In August 2017, five more mass graves have been found in Gu Dar Pyin, a village in Myanmar’s war-torn Rakhine state. It is alleged that Myanmar government forces were behind this genocide. However the number of killings is not estimated.
The evidence points to the fact that a massacre took place at Gu Dar Pyin, Myanmar, in August, despite government denials.
The faces of the men half-buried in the mass graves had been burned away by acid or blasted by bullets. Their bodies were found days after residents said the village of Gu Dar Pyin was overrun by soldiers on 27 August.
Stories of Rohingya victims have sent shockwaves to the world. One of the survivors accuses the government forces of committing the crimes knowingly.
"The soldiers carefully planned the attack and deliberately tried to hide what they had done. Some were dumped into rivers, some were buried, some were burnt with acid and turned into skeletons, some were chopped up, some were taken into the paddy fields and dumped there. It was very difficult to determine how many there were. I estimate that at least 400 people were killed. At least 10 to 20 infants were also among the dead." - Mohammad Karim, Rohingya Refugee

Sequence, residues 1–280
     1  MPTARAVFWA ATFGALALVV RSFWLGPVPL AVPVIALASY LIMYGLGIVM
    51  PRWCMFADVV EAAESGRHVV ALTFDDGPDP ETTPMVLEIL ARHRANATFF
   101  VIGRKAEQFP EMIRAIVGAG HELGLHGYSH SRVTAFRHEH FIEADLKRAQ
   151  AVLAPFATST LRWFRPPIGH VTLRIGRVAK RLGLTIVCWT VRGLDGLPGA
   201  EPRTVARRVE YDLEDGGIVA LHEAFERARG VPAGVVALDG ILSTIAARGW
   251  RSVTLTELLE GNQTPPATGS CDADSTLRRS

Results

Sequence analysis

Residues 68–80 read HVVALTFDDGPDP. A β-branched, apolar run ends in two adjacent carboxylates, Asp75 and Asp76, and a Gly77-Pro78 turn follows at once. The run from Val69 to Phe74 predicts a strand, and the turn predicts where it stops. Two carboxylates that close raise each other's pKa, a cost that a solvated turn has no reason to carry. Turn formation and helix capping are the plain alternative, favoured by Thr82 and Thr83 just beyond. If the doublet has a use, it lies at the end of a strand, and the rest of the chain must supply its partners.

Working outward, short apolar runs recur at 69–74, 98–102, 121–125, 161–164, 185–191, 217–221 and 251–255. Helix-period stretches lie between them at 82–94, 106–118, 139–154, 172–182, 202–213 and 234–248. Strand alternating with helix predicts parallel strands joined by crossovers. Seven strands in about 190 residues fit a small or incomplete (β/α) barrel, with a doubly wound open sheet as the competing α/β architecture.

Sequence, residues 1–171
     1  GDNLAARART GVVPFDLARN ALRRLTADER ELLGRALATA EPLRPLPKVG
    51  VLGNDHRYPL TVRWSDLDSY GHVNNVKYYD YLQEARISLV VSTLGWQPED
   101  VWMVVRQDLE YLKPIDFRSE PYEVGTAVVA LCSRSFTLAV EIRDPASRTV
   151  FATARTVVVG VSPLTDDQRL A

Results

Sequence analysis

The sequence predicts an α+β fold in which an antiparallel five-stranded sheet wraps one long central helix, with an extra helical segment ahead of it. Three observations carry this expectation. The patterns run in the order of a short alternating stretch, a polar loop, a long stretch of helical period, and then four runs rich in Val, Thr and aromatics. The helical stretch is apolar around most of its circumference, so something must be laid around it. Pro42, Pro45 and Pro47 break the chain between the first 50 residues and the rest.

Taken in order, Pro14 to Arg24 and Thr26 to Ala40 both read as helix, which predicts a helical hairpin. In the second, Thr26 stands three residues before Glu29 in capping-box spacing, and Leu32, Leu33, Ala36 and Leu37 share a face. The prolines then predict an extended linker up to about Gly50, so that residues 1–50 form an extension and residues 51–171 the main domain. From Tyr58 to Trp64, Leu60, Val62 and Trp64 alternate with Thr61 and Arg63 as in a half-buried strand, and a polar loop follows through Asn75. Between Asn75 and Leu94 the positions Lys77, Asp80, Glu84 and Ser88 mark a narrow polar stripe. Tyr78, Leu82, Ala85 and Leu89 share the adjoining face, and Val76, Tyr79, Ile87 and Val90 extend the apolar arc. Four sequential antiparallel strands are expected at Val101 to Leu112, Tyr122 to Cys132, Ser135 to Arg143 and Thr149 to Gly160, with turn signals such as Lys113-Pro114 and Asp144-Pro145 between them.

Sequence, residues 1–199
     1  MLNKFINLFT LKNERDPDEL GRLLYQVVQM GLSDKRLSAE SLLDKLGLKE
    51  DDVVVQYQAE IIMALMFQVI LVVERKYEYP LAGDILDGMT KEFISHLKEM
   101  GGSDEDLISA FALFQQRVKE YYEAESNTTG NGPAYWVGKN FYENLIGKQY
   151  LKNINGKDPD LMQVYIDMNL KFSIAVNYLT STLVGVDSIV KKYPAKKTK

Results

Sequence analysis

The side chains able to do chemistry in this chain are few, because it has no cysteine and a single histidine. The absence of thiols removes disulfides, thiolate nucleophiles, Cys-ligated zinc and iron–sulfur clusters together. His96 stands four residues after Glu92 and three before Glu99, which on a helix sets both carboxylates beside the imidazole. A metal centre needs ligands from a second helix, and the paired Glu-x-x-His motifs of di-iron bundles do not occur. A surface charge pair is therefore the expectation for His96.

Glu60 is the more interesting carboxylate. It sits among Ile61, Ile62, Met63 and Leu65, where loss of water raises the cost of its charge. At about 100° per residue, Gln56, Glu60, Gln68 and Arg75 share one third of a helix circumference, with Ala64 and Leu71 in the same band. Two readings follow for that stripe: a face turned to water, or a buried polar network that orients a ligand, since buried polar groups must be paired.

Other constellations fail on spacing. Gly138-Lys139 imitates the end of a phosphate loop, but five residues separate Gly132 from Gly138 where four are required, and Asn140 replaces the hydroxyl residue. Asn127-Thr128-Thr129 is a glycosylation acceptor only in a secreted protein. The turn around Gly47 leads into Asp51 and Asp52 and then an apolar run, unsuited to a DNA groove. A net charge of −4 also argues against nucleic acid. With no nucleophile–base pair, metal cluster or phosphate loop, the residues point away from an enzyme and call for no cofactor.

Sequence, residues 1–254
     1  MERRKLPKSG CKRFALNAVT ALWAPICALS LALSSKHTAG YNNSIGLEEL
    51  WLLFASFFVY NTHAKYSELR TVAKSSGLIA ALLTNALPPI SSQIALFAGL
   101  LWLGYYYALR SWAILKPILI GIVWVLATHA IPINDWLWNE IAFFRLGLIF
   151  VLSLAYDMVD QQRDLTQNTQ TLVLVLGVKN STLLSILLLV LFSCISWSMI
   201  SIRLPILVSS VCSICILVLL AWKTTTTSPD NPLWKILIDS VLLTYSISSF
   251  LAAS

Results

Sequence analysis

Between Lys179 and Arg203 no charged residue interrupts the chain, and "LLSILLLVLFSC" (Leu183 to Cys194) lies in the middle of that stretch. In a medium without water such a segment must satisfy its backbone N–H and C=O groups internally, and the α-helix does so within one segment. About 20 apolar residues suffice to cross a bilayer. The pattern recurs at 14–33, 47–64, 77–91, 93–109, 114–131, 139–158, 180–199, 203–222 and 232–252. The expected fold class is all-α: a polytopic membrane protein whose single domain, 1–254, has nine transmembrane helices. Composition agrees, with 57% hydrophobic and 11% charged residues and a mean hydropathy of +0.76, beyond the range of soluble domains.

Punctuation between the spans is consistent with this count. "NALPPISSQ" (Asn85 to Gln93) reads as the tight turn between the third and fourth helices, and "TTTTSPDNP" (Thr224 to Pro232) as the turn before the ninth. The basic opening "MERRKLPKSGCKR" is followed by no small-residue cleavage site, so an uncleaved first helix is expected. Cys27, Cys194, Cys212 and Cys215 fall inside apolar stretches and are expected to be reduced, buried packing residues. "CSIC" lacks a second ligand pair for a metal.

The conflict in northern Rakhine state of Myanmar has turned violent since 2012 riots between ethnic Rakhine Buddhists and Rohingya Muslims and by October Muslims of all ethnicities had begun to be targeted. Allegedly a chemical (blue-acid) has been used by Myanmar army on the dead Rohingya Muslims to hide their war crimes leaving behind only bones and decayed organs. Many international organisations have criticised Myanmar including the special UN human rights envoy to Myanmar.
"I do not have the details of this particular site, the village, the mass graves. But when I was talking to some of the refugees. a man said to me that he had buried 430 plus human bodies before he escaped his town." - Yanghee Lee, UN Human Right Envoy to Myanmar
The alleged ethnic cleansing of Rohingya Muslims has created a wide spread refugee crisis. It is estimated that in Bangladesh over 650,000 Rohingyas have taken refuge beginning August 2017, escaping attacks by security forces and Buddhist mobs.
Bangladesh has grown weary of hosting Rohingya refugees, who have been spilling across the border for decades to escape violence at home.
(With inputs from AP)
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